Eno Sarris

Prospects

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AFL Long-Term Prospect Roundup

Monday, November 29, 2010


Last week, we took a look at the Arizona Fall League prospects that could be ready for the primetime. The AFL specializes in just these sort of fast risers, so it was a nice list of the top fantasy-ready prospects in the game.

It's worth noting that some players just missed last week's list. In the case of Jeremy Jeffress, it's hard to see what role he will play in the major leagues despite the fact that he hit 102 MPH in the Rising Stars game. He's most likely a middle reliever unless John Axford's walk rate blows up again. And Freddie Freeman - well, he's ready to go and will take the starting role from day one in Atlanta, but he didn't really play at the AFL this year after a thumb injury.

But there were plenty of players in Arizona that provide hope for the longer term. Just-drafted star players and pitchers that spent some of the year injured come to Arizona for reasons of their own. You may have heard of some of them, even. They deserve a little attention, so let's take a look at the guys that may not make the major leagues until late next season at best. They might even help you next September if things break right.

Bryce Harper, Nationals
The big name, the big bat, and the eye black at night made for an interesting debut for last year's number one pick. Just by being a bat-first number one pick, he's in good company - going back to 1984, the worst slugging number one pick was Pat Burrell. Then again, if Harper ends up anything like Burrell, he'll be called a bust. Superstardom is not assured - a scout mentioned to me that the swing looked high-effort - but Harper's .343/.410/.629 line in the AFL sure made for a good debut. Watch his strikeouts, and check here for a longer breakdown I did on Harper, but we may be talking about a cup of coffee late next year if he tears through the minors like he burned up the AFL.

Mike Montgomery, Royals
Montgomery did not have the best AFL, as he gave up seven earned runs in 10 1/3 innings, but he still impressed those in the stands. Working in shorter stints, the Royals' lefty hit 94 and 95 MPH on the gun and showed the vaunted changeup often. The best news was that his curveball, which has been inconsistent at times, looked great from the stands in Arizona. Montgomery only got 59 2/3 innings at Double-A last year, and started the season in rookie ball, so a cup of coffee or some innings in the major league pen in 2011 are about the best fantasy managers can hope for.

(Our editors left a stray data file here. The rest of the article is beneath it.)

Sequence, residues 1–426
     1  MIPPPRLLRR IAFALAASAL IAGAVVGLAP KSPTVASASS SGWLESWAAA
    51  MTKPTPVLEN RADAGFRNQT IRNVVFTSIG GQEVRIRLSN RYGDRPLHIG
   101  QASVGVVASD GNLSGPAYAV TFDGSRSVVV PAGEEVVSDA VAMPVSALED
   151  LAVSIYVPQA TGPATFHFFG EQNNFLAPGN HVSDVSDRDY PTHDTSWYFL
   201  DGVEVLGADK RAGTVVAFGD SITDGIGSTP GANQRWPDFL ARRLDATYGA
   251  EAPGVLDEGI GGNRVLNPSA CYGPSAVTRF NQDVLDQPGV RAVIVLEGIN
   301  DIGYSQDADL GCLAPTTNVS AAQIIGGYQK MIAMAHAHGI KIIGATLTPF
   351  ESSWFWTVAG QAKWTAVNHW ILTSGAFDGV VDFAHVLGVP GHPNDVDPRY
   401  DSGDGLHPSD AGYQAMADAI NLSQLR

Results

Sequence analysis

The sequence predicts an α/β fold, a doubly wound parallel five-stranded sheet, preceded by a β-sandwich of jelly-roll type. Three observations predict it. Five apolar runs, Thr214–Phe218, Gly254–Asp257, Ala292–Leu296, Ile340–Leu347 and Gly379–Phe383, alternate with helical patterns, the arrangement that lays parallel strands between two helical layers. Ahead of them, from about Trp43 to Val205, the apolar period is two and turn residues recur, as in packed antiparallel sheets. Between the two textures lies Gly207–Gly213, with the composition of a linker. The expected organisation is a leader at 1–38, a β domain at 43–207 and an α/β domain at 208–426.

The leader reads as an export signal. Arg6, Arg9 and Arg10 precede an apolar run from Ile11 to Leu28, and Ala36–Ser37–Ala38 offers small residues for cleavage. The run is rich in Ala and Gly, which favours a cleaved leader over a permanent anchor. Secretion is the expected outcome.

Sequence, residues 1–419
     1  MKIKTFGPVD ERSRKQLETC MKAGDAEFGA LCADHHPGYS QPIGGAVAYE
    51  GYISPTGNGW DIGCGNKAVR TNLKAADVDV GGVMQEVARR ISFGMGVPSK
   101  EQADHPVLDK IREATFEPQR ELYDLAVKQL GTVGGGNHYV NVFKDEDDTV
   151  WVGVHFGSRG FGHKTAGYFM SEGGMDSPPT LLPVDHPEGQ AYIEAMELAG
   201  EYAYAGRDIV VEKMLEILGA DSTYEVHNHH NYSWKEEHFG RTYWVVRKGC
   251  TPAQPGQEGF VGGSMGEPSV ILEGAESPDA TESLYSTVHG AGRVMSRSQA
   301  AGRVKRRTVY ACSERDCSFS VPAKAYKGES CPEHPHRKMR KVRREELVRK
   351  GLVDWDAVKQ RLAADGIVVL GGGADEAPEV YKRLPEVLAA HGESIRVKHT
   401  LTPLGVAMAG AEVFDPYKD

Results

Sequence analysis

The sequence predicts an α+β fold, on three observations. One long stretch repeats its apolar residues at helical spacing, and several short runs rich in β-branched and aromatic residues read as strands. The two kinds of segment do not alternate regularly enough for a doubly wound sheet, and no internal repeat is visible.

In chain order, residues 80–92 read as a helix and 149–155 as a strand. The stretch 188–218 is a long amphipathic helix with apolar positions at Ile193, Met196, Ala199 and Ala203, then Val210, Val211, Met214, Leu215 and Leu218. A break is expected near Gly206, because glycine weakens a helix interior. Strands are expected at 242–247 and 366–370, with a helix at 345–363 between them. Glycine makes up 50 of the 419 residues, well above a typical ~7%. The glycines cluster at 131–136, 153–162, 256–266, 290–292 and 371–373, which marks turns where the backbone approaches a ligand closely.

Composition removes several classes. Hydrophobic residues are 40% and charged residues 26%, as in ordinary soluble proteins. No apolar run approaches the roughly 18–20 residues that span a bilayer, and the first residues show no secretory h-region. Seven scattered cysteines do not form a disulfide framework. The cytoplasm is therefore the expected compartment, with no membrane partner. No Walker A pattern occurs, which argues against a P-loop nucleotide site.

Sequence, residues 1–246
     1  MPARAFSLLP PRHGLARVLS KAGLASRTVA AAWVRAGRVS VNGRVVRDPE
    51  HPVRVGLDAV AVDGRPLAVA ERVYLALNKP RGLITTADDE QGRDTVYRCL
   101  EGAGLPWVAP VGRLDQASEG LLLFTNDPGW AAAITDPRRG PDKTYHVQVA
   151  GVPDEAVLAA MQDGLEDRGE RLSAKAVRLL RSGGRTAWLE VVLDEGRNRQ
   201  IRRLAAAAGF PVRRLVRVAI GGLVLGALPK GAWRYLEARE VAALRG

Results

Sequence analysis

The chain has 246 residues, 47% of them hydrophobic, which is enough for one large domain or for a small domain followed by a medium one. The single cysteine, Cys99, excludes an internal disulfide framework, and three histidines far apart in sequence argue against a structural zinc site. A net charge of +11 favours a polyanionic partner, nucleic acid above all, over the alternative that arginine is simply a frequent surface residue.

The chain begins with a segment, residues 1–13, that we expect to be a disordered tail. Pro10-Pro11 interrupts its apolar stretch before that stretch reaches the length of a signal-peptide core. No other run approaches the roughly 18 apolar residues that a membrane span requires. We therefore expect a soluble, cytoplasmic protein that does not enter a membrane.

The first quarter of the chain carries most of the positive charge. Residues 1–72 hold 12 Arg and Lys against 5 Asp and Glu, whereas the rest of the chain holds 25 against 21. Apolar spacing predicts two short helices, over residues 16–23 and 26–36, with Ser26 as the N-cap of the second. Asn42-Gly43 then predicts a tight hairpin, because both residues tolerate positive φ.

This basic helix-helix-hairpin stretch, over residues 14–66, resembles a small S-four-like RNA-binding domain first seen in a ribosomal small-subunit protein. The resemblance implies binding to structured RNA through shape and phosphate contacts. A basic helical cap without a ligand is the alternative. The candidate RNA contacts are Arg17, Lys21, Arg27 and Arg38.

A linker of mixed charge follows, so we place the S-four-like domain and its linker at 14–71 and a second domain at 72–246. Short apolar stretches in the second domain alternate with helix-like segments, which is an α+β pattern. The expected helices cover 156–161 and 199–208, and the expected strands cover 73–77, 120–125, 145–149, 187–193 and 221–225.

Eric Hosmer, Royals
Hosmer had a great half-season in Double-A last year, a fact that he credits to his Lasik surgery. Batting .313/.365/.615 sure looks great, but the below-average walk rate could improve, and 211 plate appearances at Double-A does not a major-league ready first baseman make. His work at the AFL seems to concur, as he batted .203/.284/.291 in a league known for its offense. Hosmer is still a great prospect - either the first- or second-best prospect in the game at his position - but unless he tears up Double-A once again and comes up mid-season, he probably won't impact fantasy baseball until 2012.

Zack Cox, Cardinals
The Cardinals took Cox in the first round, and took some heat for it. The thing is, he's a college hitter, relatively ready to go, and he plays third base (at least in the short-term) - so he fit a team need. With low-ceiling but defensively-able David Freese in the fold, the team can allow Cox to play some in the minor leagues (he only got 17 plate appearances in rookie ball last year), but with his polish, he'll move quickly. In the AFL, he didn't impress with the bat (.278/.304/.389), so look for Cox to be relevant in spring training 2012, and temper your expectations a bit.